German court fines PEGIDA founder for inciting hatred on FB
Bachmann was tried for breaching section 130 of the German criminal code that imposes a prison sentence from three month to five years on those inciting hatred “against a national, racial, religious group or a group defined by their ethnic origins.” Although the prosecution demanded a 7-month jail term for Bachmann, the court opted for a milder sentence, ordering him to pay a fine of €9,600 ($11,044), which is the equivalent of €80 per day for 120 days.
Bachmann’s lawyer, Katja Reichel, claimed that the posts in question, which appeared on PEGIDA’s official Facebook page in October 2014, were not, in fact, authored by Bachmann, but rather had been added by an unidentified perpetrator who hacked into her client’s account. The defense also argued for acquittal on the basis of freedom of speech.
However, presiding Judge Hans-Joachim Hlavka dismissed Bachmann’s claims of false authorship, arguing that as “the chat wasn’t subsequently altered. I exclude manipulation,” Mopo24 reported. Hlavka stressed that the freedom of speech clause cannot be invoked in this case, as Bachmann’s statements are of “inciting character” and constitute a criminal offense.
“This is inacceptable. This has an inciting character. Human dignity has been violated,” he stressed, adding that Bachmann could face real time behind bars in the case of a repeat offence.
In arriving at the verdict, the court took into account a video showing a February PEGIDA rally 2015 in which Bachmann seemingly justified his outrageous FB remarks by saying “Some screenshots have emerged, which were partly altered and shortened, in which I used a few words that we’ve all used, I’m sure, in our local pub.”
The prosecution still has time to appeal the court’s judgment before it comes into effect.
“We will consider next week, if we proceed against the verdict,” Lorenz Haase, the senior prosecutor of Dresden said, according to Mopo24.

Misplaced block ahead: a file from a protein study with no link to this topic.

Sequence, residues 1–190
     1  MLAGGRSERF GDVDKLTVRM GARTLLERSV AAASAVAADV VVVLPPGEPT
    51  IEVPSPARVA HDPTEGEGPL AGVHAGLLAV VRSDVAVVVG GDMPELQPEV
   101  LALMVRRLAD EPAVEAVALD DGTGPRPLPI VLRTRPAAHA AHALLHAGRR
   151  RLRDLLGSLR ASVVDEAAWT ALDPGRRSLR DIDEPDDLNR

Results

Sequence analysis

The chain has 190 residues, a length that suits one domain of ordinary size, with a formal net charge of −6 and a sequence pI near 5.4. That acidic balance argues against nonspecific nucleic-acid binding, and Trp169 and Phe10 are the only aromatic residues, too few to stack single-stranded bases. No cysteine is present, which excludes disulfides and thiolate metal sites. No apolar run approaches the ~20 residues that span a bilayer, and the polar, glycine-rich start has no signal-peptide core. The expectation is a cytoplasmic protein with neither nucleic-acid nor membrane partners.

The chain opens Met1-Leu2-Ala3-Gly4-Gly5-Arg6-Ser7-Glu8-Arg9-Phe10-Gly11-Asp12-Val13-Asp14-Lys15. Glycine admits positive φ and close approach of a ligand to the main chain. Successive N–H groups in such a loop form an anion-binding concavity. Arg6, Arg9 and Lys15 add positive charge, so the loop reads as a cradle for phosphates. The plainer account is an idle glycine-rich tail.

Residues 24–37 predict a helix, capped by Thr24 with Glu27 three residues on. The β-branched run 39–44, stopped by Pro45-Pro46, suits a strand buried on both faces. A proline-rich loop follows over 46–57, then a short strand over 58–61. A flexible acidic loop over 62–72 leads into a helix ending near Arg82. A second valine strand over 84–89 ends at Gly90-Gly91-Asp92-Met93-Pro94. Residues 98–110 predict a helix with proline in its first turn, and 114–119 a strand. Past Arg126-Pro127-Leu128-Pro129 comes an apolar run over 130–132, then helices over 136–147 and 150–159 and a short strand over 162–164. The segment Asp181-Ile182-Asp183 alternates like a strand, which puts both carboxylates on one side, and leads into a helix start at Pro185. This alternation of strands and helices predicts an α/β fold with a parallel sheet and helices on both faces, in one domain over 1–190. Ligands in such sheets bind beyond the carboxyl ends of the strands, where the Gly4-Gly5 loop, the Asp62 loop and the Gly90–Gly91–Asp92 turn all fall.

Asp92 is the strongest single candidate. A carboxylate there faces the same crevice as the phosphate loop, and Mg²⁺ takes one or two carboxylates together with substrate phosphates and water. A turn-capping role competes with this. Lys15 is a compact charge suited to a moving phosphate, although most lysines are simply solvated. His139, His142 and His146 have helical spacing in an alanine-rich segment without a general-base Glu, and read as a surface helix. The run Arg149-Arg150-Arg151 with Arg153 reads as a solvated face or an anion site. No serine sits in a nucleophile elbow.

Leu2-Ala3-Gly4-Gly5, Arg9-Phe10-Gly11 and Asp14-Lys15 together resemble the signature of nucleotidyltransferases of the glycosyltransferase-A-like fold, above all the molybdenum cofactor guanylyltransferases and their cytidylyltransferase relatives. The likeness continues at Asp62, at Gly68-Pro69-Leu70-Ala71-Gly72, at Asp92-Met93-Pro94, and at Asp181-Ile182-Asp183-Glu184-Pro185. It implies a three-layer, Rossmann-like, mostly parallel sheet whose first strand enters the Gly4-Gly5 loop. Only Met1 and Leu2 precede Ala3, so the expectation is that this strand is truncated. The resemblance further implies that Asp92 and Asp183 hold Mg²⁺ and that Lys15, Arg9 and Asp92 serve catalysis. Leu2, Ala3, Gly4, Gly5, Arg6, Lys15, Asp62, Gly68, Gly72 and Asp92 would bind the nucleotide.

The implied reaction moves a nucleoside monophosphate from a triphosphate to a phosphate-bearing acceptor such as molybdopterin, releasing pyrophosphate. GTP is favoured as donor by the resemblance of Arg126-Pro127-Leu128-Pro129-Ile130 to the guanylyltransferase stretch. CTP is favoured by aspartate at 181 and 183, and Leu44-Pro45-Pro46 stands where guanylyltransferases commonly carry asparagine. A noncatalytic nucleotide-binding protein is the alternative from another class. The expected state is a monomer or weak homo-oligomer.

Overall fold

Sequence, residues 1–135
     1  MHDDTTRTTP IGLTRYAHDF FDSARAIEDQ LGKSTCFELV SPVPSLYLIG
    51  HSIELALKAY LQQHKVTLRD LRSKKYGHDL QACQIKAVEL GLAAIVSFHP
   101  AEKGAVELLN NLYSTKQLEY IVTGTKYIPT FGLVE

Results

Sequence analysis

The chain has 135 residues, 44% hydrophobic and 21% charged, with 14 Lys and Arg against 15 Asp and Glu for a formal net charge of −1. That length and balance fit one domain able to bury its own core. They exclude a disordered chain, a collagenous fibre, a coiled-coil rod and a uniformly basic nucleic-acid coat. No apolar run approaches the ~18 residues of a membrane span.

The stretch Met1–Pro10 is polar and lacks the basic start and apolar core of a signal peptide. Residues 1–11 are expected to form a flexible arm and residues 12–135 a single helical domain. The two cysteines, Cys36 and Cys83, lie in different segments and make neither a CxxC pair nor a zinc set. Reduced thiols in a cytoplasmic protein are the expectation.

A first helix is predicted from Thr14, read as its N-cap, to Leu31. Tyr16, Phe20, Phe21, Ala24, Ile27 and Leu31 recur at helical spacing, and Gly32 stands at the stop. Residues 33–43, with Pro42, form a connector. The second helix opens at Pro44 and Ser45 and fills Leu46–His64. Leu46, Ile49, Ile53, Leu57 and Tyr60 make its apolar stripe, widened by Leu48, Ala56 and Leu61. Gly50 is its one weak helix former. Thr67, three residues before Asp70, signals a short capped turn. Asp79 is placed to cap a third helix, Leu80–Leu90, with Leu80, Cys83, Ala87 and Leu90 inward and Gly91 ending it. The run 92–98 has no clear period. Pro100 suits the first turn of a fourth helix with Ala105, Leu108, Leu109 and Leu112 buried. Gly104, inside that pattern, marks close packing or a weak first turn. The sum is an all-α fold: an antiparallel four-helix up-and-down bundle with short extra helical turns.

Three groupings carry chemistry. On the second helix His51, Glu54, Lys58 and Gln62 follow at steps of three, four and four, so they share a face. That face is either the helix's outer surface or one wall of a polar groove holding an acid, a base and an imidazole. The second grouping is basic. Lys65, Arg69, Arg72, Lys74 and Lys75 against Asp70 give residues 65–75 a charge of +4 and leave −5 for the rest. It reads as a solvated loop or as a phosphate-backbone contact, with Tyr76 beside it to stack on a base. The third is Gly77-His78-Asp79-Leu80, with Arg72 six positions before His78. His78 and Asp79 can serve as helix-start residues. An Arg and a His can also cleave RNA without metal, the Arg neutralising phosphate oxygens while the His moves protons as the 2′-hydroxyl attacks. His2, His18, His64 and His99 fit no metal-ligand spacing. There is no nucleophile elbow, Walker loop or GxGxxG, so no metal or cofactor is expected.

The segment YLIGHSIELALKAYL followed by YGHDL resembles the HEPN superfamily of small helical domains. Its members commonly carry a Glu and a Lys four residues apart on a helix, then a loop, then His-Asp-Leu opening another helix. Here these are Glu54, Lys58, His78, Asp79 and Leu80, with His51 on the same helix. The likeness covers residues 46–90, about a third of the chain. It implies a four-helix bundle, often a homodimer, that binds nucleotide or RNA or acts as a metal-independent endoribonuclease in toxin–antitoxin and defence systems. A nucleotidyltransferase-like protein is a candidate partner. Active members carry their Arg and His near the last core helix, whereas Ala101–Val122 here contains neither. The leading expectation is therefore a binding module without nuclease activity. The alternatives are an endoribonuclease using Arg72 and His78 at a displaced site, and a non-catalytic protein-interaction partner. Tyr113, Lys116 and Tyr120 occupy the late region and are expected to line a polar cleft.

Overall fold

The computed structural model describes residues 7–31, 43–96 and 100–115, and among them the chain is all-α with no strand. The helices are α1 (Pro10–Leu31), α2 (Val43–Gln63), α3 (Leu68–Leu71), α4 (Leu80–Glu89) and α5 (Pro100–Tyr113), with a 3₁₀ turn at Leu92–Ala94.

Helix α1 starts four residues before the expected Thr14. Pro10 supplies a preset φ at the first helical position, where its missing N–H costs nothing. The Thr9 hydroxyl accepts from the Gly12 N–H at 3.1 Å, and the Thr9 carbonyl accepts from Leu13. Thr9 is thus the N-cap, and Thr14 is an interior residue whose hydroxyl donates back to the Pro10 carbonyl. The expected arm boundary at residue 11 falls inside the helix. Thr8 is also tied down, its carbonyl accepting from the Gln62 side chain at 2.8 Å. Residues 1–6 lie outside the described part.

Bachmann himself has repeatedly claimed that the proceedings against him are politically motivated. In February he branded the process as “a constructed and politically-motivated trial” and wore black sunglasses shaped as a censorship bar at the opening of his trial in April
“I will hunt down the judgement via all courts,” assured Bachmann’s defender Katja Reichel.
Screenshots of Bachmann’s FB comments were published in January of 2015 by a former FB friend, Susanne K., to prove that he had lied in an interview in which he denied being xenophobic. Susanne K confirmed that she had put up the derogatory comments Bachmann had made under articles she had published in October of 2014, which served as one of the key supporting pieces of evidence in proving the incitement case.
As a leader of the far-right, anti-immigrant party, Bachmann has never been a stranger to controversy. He was forced to temporarily leave his post as PEGIDA chairman in January of 2015 after a selfie of him posing as Hitler surfaced on the web.
Bachmann argued that the photo was a satirical take on Timur Vernes’ novel “Look Who’s Back,” which describes Hitler reappearing in modern-day Berlin.
“I am sorry to have damaged the interests of our movement, and I am facing the consequences,” he said at the time.
Bachmann also has a questionable criminal record, having been charged with burglaries and sentenced to three years and eight months in prison in 1998. He fled to South Africa to escape the punishment, but was then extradited and jailed for 14 months. In 2010, he was caught in possession of cocaine and given a suspended sentence.
PEGIDA, which stands for “Patriotic Europeans Against the Islamization of the West,” has been exploiting the anti-immigrant agenda since its emergence in late 2014. The movement, originally established in Dresden, has gained popularity in Germany and abroad, holding rallies against “Islamization,” refugees, and German Chancellor Angel Merkel’s open door migrant policy. At its peak, PEGIDA meetings attracted some 25,000 participants.